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A Congressional Recess
What’s that you say? Congress is threatening to shut down the government again?! What happened this time?
Oh, they can’t agree on whether or not to “build a wall!”?
Not that I’m surprised. I mean, are you? Those guys can never agree on anything. Last time the government shut down, it was because they couldn’t agree on the budget for the fiscal year. Like, uhh, excuse me. That’s kind of your job. If I just refused to do my job, I’d probably get fired.
Almost everything that we do requires cooperation and understanding. Going to school, deciding on the next vacation, obeying traffic laws, even going through the checkout line at a grocery store. That’s why it’s such an important skill. If you don’t know how to work with other people, you will never be able to get anything done. That’s probably why Congress never seems to accomplish anything. Do you ever wonder how they go about their daily lives?
“That’ll be $18.75.”
“Well I think it should be $14.50. That extra money will just go to waste. I may as well spend it on something useful.”
Arguing with the checkout clerk about why an item costs what it does. Sounds ridiculous, doesn’t it? Well that’s how I imagine most of Congress’s budget discussions go – arguing over how much money to spend on each item. Sure, the national budget is not as trivial as going to Target, but what good is arguing our way through life if it’s much more effective to work together?
So how are we going to get Congress to function like human beings? It seems as though they just skipped over the part where you learn about basic human decency. When do we learn that? Preschool?
We should send every member of Congress back to preschool!
Just think about it. Preschool is where we learn all of our basic manners. How to share. How to communicate. How to get along.
How to compromise.
“I want to play with the doll!”
“No, you’ve had it all day! It’s my turn!”
This is a typical conversation heard in a preschool classroom. It usually results in one child winning the doll and the other child crying. Until the teacher comes over, sits the children down and says, “Now, Sally. You’ve had the doll all day. Don’t you think it’s time to give Eric a turn?” Sally folds her arms and pouts. “Okay, okay. Sally, what are you playing?”
“I’m playing house. I’m the mommy, and the doll is the baby.”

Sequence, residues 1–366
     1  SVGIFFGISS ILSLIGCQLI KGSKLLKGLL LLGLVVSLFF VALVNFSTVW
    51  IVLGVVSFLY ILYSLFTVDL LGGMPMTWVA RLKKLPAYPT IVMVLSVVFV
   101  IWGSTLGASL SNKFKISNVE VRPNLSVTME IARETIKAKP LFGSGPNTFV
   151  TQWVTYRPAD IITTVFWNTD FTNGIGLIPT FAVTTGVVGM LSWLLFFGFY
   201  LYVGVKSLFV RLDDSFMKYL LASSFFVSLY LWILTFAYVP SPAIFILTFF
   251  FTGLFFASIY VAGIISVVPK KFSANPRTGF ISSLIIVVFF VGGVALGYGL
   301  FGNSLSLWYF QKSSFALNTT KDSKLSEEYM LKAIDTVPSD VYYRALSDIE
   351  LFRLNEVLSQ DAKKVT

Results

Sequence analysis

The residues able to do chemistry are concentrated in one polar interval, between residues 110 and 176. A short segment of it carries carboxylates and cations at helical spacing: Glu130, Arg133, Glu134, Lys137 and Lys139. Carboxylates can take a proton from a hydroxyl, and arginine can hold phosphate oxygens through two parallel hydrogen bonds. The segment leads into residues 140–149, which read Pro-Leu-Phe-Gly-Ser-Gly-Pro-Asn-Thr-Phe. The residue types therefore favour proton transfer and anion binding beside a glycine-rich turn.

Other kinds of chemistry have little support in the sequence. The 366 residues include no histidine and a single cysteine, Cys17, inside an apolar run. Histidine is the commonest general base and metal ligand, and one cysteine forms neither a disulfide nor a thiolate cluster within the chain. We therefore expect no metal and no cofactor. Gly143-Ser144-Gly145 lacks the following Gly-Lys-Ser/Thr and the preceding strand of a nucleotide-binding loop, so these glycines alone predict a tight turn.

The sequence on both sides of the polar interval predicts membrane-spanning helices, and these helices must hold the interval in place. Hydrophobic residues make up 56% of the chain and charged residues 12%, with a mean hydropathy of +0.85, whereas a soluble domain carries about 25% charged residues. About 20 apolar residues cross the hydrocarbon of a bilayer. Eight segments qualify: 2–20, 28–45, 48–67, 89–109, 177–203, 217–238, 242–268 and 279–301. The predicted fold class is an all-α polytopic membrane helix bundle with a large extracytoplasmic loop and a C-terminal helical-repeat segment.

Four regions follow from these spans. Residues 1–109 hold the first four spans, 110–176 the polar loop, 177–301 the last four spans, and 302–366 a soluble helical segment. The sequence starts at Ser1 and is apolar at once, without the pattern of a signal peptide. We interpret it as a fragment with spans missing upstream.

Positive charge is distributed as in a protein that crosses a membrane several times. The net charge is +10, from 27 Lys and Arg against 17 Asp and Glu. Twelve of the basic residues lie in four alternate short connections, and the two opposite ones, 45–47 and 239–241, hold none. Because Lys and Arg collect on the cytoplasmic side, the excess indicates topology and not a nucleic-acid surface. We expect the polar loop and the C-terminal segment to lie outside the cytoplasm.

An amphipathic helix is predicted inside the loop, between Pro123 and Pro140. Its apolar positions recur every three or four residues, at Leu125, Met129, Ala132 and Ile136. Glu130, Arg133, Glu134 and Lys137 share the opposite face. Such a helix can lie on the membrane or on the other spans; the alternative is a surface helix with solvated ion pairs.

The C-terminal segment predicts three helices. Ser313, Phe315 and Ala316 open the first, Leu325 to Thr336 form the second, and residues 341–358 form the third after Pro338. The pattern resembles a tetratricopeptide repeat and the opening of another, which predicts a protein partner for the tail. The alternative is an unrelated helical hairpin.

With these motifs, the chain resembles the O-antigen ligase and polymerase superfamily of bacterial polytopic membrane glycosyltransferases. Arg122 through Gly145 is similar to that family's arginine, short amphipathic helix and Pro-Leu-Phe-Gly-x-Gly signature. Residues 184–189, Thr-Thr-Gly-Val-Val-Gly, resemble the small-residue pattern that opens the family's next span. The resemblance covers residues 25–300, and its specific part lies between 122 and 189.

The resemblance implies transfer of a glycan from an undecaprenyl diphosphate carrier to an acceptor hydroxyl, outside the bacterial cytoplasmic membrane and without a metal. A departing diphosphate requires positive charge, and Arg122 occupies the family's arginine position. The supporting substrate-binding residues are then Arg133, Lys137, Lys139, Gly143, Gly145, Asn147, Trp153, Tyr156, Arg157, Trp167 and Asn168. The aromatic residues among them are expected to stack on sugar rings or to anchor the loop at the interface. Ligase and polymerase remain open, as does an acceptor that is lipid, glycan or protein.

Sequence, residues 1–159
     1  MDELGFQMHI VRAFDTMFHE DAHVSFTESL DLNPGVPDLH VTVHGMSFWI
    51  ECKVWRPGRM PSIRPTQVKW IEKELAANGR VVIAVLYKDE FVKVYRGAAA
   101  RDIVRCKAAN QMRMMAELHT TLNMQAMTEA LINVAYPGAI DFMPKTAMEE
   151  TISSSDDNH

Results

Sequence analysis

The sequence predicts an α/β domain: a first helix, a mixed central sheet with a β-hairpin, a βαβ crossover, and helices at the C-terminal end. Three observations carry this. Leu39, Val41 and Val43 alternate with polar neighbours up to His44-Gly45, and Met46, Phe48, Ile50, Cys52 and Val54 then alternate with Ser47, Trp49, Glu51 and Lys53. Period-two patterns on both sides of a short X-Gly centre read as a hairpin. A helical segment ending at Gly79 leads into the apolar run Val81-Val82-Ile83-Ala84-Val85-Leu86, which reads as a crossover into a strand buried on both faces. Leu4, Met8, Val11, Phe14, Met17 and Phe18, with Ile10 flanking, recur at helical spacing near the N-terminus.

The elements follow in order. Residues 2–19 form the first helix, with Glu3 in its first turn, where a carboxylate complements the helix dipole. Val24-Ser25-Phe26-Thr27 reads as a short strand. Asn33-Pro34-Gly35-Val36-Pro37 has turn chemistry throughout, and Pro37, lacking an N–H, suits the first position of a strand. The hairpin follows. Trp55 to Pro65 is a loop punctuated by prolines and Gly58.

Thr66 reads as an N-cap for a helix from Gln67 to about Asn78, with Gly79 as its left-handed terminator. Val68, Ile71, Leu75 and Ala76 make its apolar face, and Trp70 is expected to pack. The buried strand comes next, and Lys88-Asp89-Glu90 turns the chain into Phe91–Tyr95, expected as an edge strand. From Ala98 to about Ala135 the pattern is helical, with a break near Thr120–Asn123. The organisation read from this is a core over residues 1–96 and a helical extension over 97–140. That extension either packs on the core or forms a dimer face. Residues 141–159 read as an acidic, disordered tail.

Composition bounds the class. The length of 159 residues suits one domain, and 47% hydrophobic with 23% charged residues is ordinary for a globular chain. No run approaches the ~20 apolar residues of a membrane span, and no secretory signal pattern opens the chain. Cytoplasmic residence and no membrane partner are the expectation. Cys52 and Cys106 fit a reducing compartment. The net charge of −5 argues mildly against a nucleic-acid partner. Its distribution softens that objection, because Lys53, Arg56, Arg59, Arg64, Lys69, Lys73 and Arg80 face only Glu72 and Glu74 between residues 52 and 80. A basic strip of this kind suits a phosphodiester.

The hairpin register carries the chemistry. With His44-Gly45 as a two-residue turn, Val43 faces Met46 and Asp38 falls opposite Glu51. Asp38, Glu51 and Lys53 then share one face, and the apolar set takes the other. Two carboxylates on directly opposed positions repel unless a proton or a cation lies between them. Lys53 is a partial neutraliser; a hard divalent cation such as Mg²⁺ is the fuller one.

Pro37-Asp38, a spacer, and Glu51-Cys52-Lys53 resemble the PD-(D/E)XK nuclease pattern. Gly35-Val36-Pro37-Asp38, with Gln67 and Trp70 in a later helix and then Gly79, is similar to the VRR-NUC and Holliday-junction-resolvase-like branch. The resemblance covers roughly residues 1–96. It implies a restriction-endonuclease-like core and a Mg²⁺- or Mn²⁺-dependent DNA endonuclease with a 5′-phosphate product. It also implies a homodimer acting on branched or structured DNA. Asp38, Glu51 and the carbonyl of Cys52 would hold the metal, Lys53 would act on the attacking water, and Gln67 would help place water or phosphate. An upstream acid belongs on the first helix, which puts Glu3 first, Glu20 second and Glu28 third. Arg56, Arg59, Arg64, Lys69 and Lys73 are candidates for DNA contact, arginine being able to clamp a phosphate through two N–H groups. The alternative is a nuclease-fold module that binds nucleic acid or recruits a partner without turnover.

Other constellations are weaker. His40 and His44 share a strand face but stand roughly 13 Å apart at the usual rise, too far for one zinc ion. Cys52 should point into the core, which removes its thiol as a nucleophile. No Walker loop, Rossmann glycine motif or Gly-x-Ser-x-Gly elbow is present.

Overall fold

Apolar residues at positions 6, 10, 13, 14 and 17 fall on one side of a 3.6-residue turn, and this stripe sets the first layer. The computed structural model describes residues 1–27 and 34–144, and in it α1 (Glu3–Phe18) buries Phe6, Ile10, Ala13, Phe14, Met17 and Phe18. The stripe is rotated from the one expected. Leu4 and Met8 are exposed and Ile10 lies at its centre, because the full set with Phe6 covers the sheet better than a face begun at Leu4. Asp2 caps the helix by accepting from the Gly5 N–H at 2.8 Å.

“And Eric? What do you want to play?”
“I want to play house, too,” Eric sniffles.
“Well there you go! Why don’t you just play together?”
The kids look at each other, nod, and then run back over to the play area, smiling happily, not realizing that they just learned one of the most important life lessons.
Now what if we apply that to Congress?
“I want to speak!”
“You’ve been speaking all day. It’s my turn to speak!”
“Now, Senator Johnson, you’ve been speaking all day. Don’t you think we should give Senator Smith here a chance to share her ideas?” The grumpy Senator folds his arms and pouts. “Okay, okay. What are you talking about?”
“I want to discuss spending our budget on a giant wall.”
“And Senator Smith? What do you want to discuss?”
“I also want to discuss spending our budget, but on education.”
“Well, there you go! Why don’t you just talk together and figure out the best way to split the budget between both ideas?”
The Senators will then have an “aha!” moment when they realize they are in fact talking about the same thing, and all they really have to do is figure out the best way to divide the budget fairly. This just requires basic finance skills (which we hope they have by this point in their life. We don’t really want to have to send them back to high school as well).
This path will, necessarily, run into some problems. Like how are we going to find a preschool teacher who will be willing to take on such a job? “Dear Miss Elizabeth. Your classroom is going to be full of politicians this year. Good luck.” I don’t know about you, but I’d much rather take on the wild grizzly bears (who apparently like to hang out in public school classrooms) than face 535 politicians. If we do find someone brave enough to take on this enormous task, then I think we should elect that person president, because he or she already has more experience than our current one.
“But what are we going to do about their deeply-rooted beliefs that are what caused them to forget their manners in the first place?” Well, you see, when I say we’re sending them back to preschool, I mean we’re sending them back to preschool. That’s right. They’re going to learn how to share the doll. We will strip them down to their most basic human form by treating them like children. Their minds will revert to a state of innocence from before they learned about politics, and they will learn how to share the doll. Then, with this new knowledge fresh in their minds, we will present them with the budget and ask them to work together to decide how to spend it. Then, and only then, will they be able to truly listen to each other and willingly compromise on the problems, and finally come up with something that both they and the American people are happy with.
Of course, convincing Congress that they actually have a lot in common isn’t as easy as it looks. Unless your name is Severus Snape, you can’t spend seven years being horrible to someone and then say, “Oh, just kidding. I actually care about your well-being and what you have to say,” and then suddenly be deemed a hero. But hey, you never know. Perhaps a little preschool treatment will be exactly what Congress needs to relearn the skills that they were taught, oh, so long ago.